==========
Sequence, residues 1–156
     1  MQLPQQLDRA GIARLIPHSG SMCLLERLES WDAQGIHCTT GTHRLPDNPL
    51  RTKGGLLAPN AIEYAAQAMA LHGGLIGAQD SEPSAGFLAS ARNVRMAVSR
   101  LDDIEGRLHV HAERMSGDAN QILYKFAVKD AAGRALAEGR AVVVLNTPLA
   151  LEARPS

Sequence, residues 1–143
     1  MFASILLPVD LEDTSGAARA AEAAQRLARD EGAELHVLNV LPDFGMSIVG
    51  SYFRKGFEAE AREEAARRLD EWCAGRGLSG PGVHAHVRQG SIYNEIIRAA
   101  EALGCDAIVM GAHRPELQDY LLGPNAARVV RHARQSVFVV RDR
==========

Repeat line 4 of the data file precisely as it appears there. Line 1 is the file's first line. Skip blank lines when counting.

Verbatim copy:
   101  LDDIEGRLHV HAERMSGDAN QILYKFAVKD AAGRALAEGR AVVVLNTPLA